Forbidden Lands – The Gamemaster

This has to be one of the best opening chapters to a GMs book (or nowadays, GMs section) that I have ever read. Let me tell you what I particularly like. First of all the authors take a leaf out of Powered by the Apocalypse games and set out the Principles of the Game, from the second page of the chapter. These principles are maybe not as tight as many PbtA games, maybe a little wordier, but they do try and define what makes this game different, and how the GM should make it feel different. For example the first principle is: “1. THE WORLD LIES BEFORE YOU” and the text beneath it says (among other things):

Place the large map in the middle of the table and allow the players to ponder and discuss where they want to go. Don’t steer them; instead, answer questions and inspire them.

In fact, I can’t do any harm, and I won’t spoil the game if I just share the other six principles, with some of the text that inspires me, and that should inspire you to want to play this game.

2. THE LAND IS FULL OF LEGENDS … Every monster, every artifact, every adventure site and every character of importance in campaign modules like Raven’s Purge have their own legend. All of these are available to download as player material that you can present to the players when they get to hear or read the legends in their travels…

3. THE ADVENTURERS MAKE THEIR OWN FATE … As GM this means that you have to listen to the players and build on the story of the game based on their choices and actions…

4. NOTHING IS FOR FREE … Life is hard in the Forbidden Lands. The adventurers will have to struggle for the bare necessities like food, water and a roof over their heads. Hold back on the treasures and rewards…


6. DEATH IS PART OF THE STORY …The rules are written so that it’s relatively easy to become Broken, but rather difficult for a player character to die… Yet, sooner or later, player characters will still die. Allow it to happen – the players need to be reminded now and then that their adventurers aren’t immortal…

7. THE END IS NEVER SET … Never decide how the story should end ahead of time.

Then, there is some really good advice for GMs particularly so because it stresses the difference between the first session and subsequent ones. The advice eases the GM into the role gently, saying things like “Don’t plan too much. Don’t devise a grand intrigue for the first session. It will emerge later. Keep an open mind.” I love this bit in particular:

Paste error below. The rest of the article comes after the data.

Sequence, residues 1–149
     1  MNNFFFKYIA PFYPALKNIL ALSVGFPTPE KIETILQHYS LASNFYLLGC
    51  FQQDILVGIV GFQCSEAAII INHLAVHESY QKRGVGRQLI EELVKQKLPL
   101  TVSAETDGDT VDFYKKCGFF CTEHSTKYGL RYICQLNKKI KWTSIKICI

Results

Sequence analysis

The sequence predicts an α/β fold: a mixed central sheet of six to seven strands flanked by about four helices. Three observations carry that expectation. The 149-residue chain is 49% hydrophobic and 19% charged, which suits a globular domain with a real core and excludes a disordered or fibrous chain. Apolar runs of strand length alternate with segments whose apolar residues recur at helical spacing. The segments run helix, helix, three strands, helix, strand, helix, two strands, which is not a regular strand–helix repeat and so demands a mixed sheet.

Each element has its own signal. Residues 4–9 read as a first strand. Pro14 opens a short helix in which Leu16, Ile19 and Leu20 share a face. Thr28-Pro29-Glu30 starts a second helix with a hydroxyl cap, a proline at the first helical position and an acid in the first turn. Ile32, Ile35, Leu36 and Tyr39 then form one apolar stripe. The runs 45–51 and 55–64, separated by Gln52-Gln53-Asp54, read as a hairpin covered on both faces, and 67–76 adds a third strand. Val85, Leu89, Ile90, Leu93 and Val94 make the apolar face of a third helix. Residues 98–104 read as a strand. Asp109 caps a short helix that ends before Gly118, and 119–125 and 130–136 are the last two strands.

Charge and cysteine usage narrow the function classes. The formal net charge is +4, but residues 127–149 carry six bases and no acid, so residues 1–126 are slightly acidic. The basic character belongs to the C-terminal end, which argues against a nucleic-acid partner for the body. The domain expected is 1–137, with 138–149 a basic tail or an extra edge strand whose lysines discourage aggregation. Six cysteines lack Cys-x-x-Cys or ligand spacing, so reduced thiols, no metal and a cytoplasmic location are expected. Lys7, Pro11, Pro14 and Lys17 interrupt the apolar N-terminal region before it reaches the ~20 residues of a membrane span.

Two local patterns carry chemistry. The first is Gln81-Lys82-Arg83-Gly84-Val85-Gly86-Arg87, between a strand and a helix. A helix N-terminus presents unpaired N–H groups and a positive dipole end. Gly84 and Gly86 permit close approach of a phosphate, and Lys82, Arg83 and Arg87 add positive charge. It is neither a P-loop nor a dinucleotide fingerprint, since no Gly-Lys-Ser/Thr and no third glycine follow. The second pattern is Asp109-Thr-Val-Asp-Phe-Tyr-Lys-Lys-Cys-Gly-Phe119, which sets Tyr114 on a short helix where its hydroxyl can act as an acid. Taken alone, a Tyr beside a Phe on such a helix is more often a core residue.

Let it be tentative. During the first session, the players feel out their characters. Let it take its time. Listen more than you talk. Use random encounters to advance the story, but don’t rush. Ask questions. Make notes. See the first session as a prologue, before the real story begins.

Don’t rush, they say, you might not even get to the adventure site you chose for their first encounter. They might only have played through the random encounter they suggest your prepare “if you want.” Which is exactly how every session one should be played, no matter how extensive the session zero prep work has been. There is really good advice for handling consumables later in the chapter, that makes it clear that in this game, PCs should find mere survival a challenge. Perhaps the first session is an opportunity to this those mechanics a real test. But later on, “when the focus lies elsewhere” you should allow the characters to get hold of Food more easily.

Subsequent sessions should be built on the events on the previous one, of course. If they are still heading for the adventure site you chose previously, great. If not, give them access to another couple of Legends, so they they have a choice about what to seek out next. But most importantly:

Avoid preparing too much – the risk is that your plans may become difficult to adapt to the players’ actions. 15–30 minutes of preparation is plenty most of the time.

There is great advice on handling NPCs too, including a reminder that your players will break, but likely not kill some of their enemies, and that these survivors should return in a later context. My favourite bit of advice is not to let your player characters get to an important enemy to easily. Because we all know that if it is an important NPC, they will kill it. They suggest that , otherwise the game is quite a balanced, that you don’t need to work about an antagonist’s “challenge rating” or anything. If they players are winning conflicts too easily spend a little will power on your NPC. If they are finding the conflict too difficult, don’t spend the willpower.

Finally, the chapter finishes of with the stronghold events table. To be honest, this feels a little misplaced in this very first chapter, considering that it will take a while for the players to acquire a stronghold. But perhaps there was no-where else it could go.

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